CV NEWS FEED // Pope Francis made the case for the importance of the Synod on Synodality in a wide-reaching interview with the Argentinian news agency TELAM this week, saying that the teachings of the Church need to change while maintaining consistency with the existing magisterium.
“Since the Second Vatican Council, John XXIII had a very clear perception: the Church has to change. Paul VI agreed, just like the succeeding Popes. It’s not just changing ways, it’s about a change of growth, in favor of the dignity of people. That’s theological progression, of moral theology and all the ecclesiastical sciences, even in the interpretation of Scriptures that have progressed according to the feelings of the Church,” the Pope said.
“Rupture is not good,” he continued. “We either progress through development or things don’t turn out right. Rupture leaves you out of the sap of development. I like the image of a tree and its roots. The roots receive the humidity of the soil and take it upward, through the trunk.”
“When you separate yourself from that, you end up dry, without traditions: tradition in the good sense of the word. We all have traditions, a family, we were all born within the culture of a country, a political culture. We all have a tradition for which to take responsibility.”
The pope highlighted that progress “is necessary and the Church has to incorporate these novelties with a serious conversation from a human point of view. The Greek thinker Publius Terentius Afer says ‘Nothing human is alien to me.’”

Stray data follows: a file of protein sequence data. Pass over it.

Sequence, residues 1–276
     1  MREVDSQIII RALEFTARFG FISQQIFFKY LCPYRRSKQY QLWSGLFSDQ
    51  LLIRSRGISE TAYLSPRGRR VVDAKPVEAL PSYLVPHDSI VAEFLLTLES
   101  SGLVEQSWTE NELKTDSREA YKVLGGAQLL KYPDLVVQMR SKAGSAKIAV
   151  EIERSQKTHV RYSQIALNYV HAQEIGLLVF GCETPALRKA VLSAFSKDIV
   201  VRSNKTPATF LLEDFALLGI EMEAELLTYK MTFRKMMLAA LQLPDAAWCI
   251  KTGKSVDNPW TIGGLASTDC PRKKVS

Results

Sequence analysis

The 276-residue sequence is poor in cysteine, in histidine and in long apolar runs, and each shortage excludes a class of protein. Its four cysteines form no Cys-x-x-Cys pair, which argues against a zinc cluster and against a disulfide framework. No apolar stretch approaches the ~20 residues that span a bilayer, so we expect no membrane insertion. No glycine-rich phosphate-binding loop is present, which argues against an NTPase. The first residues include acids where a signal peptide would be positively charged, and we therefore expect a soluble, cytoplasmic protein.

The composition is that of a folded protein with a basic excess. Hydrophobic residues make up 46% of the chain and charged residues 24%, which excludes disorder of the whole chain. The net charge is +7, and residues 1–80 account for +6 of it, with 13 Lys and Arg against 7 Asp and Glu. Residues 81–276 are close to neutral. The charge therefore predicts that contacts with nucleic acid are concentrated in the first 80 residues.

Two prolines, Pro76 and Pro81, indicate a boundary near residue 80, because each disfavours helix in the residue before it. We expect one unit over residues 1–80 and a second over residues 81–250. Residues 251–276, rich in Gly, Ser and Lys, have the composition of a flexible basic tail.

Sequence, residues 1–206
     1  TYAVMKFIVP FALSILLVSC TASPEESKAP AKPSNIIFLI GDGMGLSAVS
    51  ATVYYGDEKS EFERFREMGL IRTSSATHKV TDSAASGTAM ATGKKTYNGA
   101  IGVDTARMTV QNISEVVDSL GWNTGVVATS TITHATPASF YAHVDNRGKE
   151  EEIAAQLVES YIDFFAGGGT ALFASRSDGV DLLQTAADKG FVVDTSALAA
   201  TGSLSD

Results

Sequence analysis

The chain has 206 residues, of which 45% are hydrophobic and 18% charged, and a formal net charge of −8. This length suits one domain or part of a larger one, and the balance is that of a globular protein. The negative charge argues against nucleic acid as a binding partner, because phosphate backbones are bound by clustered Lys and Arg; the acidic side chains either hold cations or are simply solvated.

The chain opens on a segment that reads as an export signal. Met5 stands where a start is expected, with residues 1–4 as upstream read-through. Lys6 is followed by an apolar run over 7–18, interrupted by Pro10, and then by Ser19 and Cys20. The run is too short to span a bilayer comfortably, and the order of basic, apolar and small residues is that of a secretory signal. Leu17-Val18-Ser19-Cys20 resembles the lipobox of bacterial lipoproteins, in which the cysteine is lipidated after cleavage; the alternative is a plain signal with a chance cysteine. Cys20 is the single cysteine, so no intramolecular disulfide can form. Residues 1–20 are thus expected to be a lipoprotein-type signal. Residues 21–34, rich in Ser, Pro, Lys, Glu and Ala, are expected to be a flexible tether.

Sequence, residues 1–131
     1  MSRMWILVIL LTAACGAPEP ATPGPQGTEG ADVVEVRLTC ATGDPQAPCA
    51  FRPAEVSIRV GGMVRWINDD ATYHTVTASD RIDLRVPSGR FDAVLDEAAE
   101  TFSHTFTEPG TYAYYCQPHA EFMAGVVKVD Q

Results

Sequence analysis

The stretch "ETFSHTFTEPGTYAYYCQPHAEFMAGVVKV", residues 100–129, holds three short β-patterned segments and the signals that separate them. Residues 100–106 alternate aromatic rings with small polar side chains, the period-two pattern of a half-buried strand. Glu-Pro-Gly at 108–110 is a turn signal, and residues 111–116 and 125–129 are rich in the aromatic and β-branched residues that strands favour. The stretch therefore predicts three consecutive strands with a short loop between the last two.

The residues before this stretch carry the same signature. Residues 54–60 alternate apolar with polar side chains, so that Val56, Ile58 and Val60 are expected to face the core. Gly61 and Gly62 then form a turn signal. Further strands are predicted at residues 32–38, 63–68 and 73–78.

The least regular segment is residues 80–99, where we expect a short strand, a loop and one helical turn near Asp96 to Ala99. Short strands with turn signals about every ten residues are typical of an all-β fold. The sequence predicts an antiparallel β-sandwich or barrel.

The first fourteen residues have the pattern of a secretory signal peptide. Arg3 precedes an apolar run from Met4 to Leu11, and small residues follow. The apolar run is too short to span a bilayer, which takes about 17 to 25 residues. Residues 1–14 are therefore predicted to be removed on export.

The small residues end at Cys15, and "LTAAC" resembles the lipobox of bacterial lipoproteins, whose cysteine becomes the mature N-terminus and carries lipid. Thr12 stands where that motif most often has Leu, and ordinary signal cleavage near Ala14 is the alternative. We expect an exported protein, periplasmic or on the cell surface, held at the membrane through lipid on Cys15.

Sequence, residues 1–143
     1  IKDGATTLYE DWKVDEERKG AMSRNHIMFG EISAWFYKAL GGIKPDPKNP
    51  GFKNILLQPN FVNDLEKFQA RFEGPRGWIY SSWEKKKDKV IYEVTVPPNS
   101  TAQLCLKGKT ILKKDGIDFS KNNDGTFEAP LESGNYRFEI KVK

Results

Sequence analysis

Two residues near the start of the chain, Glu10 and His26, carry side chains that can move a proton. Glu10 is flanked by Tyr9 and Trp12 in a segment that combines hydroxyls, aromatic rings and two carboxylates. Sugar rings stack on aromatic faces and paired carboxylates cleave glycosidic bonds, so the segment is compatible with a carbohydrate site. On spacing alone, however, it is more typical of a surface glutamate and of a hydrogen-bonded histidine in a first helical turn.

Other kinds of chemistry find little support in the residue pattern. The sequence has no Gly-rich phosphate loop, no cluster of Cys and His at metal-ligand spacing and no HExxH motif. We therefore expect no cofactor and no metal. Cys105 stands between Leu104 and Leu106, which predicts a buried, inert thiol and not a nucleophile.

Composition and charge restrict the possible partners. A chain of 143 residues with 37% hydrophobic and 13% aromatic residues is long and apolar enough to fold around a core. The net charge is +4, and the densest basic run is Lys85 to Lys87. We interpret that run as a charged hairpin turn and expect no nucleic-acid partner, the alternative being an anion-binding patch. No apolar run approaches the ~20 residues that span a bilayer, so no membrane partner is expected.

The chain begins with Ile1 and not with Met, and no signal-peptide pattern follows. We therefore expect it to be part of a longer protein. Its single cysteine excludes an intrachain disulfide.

“The Church holds what’s human in its hand. God became a man, not a philosophical theory. Humanity is something consecrated by God. That is, everything human must be assumed and progress must be human, in harmony with humanity.”
Pope Francis told the interviewer that “in the 1960s, Dutch people came up with the word ‘rapidity’, which means much more than acceleration. Well, in the context of the rapidity of scientific knowledge, the Church has to pay close attention and have its thinkers be ready to dialogue. And I emphasize this: we must dialogue with scientific knowledge. The Church must dialogue with everybody, but being aware of its identity. Not from a borrowed identity.”
“The Church, through dialogue,” he explained, “has changed in many ways. Even regarding cultural matters. A theologian from the 4th Century said that changes in the Church must comply with three conditions to be real: consolidating, growing and ennobling themselves along the years. It is a very inspiring definition by Vincent of Lérins. The Church has to change. Let’s think of the ways it has changed since the Council until now and the way it must continue changing its ways, in the way to propose an unchanging truth.”
“That is, the revelation of Jesus Christ does not change, the dogmas of the Church do not change, they grow and ennoble themselves like the sap of a tree. The person who does not follow this path, follows a path that takes steps backward, a path that closes on itself. Changes in the Church take place within this identity flow of the Church. And it has to keep changing along the way, as challenges are met. That is why the core of change is fundamentally pastoral, without recanting the essence of the Church.”